The President had no reason to mistrust a man who had proved to be a very able lieutenant; so he sent him to discuss matters with none other than his brother, Defence Secretary Gotabhaya Rajapaksa. Impressed too, with Sajins’ talk and having been told by Sajin that this had the presidential nod, Gothabaya too agreed and extended his cooperation. Sajin was then sent on to the Air Force Commander, as well as to see Lalith Weeratunga.

Sajin now had a star-studded Board: Gothabaya Rajapaksa as Chairman, Lalith Weeratunga, Air Marshal Roshan Gunathilaka (Commander of the Air Force), Treasury Secretary P.B. Jayasundera and of course, himself.

He had convinced all these eminent persons of his ability to set up an airline with only US$ 7.5 million, as he intended to set up a low cost airline.

None of the fellow Board members have any commercial expertise or acumen in terms of Aviation. Clearly, they too placed emphasis on the fact that they were dealing with “the President’s man”. Which, probably, would have been exactly what Sajin had in mind, in any event.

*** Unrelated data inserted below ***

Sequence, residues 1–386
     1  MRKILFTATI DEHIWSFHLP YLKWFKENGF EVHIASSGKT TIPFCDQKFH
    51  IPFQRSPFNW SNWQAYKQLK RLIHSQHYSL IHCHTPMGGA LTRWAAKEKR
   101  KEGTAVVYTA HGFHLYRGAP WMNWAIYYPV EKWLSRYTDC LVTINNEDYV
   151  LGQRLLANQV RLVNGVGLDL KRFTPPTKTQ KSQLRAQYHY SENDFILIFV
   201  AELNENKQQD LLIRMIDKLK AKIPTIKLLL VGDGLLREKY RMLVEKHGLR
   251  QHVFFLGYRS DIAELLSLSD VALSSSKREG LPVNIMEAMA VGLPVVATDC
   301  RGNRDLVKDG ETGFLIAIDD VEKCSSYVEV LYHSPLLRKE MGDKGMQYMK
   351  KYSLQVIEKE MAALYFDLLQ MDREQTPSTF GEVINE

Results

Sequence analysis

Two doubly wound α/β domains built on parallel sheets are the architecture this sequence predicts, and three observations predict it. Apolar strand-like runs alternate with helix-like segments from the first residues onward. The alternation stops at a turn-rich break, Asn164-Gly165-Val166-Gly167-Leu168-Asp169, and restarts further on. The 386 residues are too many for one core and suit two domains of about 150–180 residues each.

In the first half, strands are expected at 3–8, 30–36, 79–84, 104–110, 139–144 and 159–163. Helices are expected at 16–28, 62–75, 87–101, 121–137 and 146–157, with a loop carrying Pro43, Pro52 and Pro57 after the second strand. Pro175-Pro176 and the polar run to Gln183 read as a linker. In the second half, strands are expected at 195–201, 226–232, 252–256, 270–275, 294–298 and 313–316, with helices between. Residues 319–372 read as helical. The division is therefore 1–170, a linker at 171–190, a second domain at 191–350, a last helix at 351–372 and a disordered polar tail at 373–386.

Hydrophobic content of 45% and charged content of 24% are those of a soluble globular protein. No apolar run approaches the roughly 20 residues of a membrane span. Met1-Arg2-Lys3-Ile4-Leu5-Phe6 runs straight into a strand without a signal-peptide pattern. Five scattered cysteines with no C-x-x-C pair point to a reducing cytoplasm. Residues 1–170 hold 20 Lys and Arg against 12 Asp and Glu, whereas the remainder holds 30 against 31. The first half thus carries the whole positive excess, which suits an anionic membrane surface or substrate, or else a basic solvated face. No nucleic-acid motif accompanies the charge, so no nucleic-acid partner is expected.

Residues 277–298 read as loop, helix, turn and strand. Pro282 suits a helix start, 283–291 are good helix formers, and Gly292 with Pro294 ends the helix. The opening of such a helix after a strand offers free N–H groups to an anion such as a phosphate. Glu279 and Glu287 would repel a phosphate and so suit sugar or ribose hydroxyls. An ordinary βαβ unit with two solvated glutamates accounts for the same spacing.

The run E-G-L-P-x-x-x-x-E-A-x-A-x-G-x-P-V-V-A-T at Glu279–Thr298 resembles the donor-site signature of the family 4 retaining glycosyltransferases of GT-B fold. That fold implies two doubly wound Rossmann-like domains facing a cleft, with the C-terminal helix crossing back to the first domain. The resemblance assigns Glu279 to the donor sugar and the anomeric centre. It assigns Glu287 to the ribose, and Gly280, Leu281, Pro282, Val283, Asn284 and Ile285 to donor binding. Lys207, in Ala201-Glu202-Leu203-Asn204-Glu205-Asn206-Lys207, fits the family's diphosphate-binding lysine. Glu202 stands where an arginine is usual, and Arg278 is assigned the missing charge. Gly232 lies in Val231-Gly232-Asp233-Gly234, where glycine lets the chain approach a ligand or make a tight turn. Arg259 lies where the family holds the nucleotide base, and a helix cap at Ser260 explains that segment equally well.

With their agreement in place, he bypassed the then Minister of Aviation Mangala Samaraweera, who, he was privileged to know first hand, was on the way out of favour with the President, and went straight on to the Director General of Civil Aviation. Minister Samaraweera was suitably embarrassed in Parliament during questions, when he had to admit to having no knowledge of the Mihin Lanka operation.

Fanning the fire of hatred and antagonism
To apparently fan the fires of hatred and antagonism between the President and Minister Samaraweera, it is alleged that Sajin covertly arranged and destroyed Mihin Lanka billboards on the airport approach road – one of the most heavily guarded roads in the country. The blame fell squarely on Tiran Alles and Mangala Samaraweera, prompting an enraged President to all but accuse Mangala directly at the cabinet meeting.

Intimidating DG H.M.C. Nimalsiri